Describing the newly established Beacon Music Factory is like watching a scene in a Jack Black movie: An ambitious musician launches an underground program to teach kids how to rock like the pros. The only difference? Unlike Black, founder Stephen Clair actually knows what he’s doing — and his school is anything but a joke.
An acclaimed singer-songwriter in his own right, Clair has been the driving force behind live-music concert producers Local 845, which stages events such as Beacon Riverfest and the Scenic Hudson Concert Series. Though enjoyable, the administrative duties proved exhausting. “I wanted to have a guitar in my hand more of the time,” he laughs. Clair took a cue from his popular Rock Band Boot Camp lessons at Mill Street Loft and set out to establish something more permanent. “I was initially looking for a place to expand [the camp] to all kinds of genres,” he says. A climbing buddy — and pastor of Beacon’s First Presbyterian Church — suggested the church’s vacant basement as a possible location, and the rest, as they say, was history.
The Beacon Music Factory opened in January to positive response, with Clair serving as director and one of six instructors — all established songwriters. The school boasts nearly a dozen classes (and counting) for every type of aspiring musician; one choral session is even aimed at “ages 10-110.” Clair credits the creative courses and diverse faculty for the school’s initial success. “Our Junkyard Orchestra class — where kids make their own instruments with washboards and kazoos out of PVC pipe — is lead by this sort of phenomenal, silly, performer-virtuoso,” he says. “And on the other end of the spectrum, we offer classical string classes taught by a Conservatory-trained violinist.”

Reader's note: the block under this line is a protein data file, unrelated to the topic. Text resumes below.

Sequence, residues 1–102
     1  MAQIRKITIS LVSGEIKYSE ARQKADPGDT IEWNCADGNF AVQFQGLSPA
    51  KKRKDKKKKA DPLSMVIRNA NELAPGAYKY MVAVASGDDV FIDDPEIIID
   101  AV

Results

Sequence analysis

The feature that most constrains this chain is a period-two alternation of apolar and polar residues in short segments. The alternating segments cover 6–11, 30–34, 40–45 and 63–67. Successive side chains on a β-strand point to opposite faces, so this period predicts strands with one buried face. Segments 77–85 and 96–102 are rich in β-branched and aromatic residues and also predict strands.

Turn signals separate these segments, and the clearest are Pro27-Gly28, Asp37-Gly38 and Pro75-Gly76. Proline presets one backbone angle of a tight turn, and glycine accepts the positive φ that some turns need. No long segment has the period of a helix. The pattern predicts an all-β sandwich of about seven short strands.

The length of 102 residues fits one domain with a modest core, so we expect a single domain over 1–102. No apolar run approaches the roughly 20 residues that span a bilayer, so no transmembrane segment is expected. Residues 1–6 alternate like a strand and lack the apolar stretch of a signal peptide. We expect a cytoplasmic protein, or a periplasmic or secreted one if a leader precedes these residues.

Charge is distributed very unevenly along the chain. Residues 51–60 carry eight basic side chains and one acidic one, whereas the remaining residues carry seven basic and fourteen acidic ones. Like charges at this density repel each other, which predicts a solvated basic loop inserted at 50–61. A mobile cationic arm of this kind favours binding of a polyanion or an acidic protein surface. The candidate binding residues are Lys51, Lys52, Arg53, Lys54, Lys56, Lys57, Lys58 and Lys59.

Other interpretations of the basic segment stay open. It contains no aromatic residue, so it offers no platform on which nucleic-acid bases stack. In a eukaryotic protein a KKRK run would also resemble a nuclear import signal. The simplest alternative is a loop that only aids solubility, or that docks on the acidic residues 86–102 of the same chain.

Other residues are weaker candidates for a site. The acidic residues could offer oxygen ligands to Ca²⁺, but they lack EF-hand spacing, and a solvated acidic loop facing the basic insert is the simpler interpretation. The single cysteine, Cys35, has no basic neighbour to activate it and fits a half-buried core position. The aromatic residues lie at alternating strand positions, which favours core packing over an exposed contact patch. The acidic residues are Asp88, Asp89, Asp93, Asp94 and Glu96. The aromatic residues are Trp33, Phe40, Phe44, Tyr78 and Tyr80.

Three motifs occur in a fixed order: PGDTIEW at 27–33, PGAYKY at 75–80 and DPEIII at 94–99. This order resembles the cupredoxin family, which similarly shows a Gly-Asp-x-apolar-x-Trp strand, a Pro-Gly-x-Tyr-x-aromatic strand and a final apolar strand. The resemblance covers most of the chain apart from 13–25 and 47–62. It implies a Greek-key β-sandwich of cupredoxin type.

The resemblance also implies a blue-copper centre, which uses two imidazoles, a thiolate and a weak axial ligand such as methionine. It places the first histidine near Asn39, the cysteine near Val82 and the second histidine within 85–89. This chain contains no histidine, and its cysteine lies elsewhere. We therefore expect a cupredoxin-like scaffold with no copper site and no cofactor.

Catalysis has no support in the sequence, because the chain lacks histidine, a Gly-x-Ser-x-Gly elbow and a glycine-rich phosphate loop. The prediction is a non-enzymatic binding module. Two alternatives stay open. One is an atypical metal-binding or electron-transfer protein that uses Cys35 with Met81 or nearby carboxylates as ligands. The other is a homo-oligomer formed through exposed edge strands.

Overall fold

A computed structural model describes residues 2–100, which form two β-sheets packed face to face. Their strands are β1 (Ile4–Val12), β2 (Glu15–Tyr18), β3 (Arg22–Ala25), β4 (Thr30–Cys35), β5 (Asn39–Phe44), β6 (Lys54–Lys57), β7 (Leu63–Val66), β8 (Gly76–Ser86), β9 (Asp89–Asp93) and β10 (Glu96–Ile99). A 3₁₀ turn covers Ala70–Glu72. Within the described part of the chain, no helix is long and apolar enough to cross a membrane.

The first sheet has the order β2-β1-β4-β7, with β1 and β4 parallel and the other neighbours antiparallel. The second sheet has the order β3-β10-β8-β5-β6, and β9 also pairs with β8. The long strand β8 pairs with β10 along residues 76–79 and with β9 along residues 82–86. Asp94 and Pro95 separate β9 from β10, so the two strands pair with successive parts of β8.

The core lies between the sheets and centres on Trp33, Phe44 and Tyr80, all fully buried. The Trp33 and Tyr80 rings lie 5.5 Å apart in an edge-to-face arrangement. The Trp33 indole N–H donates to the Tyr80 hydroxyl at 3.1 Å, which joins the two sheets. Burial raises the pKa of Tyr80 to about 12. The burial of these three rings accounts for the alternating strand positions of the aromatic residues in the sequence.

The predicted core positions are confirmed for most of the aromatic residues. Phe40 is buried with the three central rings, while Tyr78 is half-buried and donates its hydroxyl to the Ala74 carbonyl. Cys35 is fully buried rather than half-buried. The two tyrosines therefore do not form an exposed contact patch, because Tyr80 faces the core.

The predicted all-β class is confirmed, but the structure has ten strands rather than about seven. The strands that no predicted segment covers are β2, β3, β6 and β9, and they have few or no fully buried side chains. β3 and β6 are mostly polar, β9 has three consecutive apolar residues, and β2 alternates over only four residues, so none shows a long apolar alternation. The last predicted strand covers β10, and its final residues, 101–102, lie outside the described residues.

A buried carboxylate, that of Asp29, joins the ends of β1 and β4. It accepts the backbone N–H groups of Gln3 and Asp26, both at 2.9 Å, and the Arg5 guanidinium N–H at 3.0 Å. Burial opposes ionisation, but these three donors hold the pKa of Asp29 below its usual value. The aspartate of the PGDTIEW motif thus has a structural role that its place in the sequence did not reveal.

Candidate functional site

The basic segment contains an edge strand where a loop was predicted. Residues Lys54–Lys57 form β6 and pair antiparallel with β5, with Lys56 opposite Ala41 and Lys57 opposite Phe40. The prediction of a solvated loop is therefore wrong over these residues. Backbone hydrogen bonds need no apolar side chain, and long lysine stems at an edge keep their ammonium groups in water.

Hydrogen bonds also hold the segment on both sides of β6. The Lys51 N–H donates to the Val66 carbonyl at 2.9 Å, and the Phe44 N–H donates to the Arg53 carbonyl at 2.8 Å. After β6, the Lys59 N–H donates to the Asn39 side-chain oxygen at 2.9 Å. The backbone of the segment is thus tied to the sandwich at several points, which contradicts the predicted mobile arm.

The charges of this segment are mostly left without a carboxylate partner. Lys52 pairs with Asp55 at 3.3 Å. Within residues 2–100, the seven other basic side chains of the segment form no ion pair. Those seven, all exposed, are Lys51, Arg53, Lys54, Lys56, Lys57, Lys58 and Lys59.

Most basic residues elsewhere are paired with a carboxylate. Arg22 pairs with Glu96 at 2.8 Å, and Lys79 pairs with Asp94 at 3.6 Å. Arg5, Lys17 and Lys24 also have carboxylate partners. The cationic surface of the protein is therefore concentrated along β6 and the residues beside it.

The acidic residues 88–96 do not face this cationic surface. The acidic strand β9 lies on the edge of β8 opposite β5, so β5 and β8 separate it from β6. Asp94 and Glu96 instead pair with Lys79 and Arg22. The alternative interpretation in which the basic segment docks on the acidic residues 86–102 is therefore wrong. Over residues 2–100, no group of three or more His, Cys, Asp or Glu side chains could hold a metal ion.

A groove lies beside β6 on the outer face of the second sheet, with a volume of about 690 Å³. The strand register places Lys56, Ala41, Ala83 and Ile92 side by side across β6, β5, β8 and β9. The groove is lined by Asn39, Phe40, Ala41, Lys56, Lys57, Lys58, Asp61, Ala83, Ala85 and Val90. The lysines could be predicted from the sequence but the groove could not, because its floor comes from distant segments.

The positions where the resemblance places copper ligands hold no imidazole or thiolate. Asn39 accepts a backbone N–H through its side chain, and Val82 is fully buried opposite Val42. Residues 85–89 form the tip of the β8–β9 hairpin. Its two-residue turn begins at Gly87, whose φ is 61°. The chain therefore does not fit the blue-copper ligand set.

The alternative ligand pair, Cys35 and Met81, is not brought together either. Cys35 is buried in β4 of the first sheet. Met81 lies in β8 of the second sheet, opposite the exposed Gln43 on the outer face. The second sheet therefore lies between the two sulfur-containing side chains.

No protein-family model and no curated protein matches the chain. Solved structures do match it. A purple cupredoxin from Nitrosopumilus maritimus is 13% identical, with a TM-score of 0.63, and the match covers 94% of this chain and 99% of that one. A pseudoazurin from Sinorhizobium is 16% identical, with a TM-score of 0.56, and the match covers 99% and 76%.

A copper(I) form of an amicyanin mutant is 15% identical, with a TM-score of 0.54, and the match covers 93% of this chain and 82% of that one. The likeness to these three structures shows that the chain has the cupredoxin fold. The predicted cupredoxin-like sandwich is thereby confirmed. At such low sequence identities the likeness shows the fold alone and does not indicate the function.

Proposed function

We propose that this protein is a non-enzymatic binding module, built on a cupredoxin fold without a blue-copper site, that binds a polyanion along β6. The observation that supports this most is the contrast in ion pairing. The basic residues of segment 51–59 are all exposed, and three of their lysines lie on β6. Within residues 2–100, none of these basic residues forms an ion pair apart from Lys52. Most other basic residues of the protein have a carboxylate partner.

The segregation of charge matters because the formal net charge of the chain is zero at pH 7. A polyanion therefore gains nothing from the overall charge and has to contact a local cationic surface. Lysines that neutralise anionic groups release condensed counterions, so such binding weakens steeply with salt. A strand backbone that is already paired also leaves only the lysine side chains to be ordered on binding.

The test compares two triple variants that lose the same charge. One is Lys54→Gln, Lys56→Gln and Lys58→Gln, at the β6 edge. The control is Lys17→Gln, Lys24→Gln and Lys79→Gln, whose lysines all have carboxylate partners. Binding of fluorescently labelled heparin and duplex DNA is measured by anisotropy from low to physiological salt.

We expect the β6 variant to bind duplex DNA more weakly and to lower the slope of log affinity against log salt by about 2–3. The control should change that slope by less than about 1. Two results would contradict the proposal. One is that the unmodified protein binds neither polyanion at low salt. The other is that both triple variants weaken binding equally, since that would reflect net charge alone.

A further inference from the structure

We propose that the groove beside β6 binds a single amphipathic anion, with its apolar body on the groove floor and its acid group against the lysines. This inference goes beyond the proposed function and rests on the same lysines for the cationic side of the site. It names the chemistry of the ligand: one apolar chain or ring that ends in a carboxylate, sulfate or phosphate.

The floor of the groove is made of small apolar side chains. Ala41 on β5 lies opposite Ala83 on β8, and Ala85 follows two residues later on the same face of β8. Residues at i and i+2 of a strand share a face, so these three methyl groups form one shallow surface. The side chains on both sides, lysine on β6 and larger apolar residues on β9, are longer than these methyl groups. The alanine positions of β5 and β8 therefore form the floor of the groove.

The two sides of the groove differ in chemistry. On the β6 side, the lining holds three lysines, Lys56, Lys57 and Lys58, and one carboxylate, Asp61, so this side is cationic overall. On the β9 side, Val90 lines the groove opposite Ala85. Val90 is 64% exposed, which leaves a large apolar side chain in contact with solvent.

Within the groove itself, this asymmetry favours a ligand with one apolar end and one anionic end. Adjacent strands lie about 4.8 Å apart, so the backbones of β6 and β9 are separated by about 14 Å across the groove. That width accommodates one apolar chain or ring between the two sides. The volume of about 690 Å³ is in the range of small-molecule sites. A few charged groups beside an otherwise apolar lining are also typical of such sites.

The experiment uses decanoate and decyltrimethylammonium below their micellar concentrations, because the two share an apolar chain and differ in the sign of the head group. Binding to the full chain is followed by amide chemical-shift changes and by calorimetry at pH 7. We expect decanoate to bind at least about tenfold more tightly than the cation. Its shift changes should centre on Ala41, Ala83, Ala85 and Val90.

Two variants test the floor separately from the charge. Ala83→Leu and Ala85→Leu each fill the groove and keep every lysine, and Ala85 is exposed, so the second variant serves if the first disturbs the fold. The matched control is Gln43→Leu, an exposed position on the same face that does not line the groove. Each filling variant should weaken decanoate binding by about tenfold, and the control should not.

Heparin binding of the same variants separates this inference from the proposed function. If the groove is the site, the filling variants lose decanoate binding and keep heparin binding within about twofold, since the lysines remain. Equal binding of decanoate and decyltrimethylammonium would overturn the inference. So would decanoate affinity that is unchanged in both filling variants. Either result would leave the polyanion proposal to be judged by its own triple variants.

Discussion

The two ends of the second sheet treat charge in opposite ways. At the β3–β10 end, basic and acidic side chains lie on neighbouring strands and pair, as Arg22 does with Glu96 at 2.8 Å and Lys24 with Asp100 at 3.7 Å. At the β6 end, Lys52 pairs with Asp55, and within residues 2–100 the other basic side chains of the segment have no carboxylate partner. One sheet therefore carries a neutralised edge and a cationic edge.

Within the first week, students from all corners of the mid-Valley had enrolled. “So far, people are traveling from Pleasant Valley and Garrison and Kent and Newburgh,” says Clair. “There isn’t really a school like this in this area, and it feels like it’s struck a chord. The response has been truly exciting.”
Sessions average about $12 to $15 per class, a fraction of what a typical private tutor would charge. Still, Clair acknowledges that it’s “definitely not a competition. I’m impressed — as much as our classes are affordable, plenty of kids still take private lessons.” If anything, he sees the school’s presence as a boon to independent instructors as it sparks local interest in lessons.
As for the school’s future: “There’s nothing I would like more than for it to evolve and move into its own space, where I could bring it [and Local 845’s events] under one roof,” says Clair. “It’s this traditional, classical stuff meets innovative, off-the-wall playing, this sort of musical discovery. It helps to ensure the future of live music, starting with the youth.”
For more information on the Beacon Music Factory and available courses, visit http://beaconmusicfactory.com.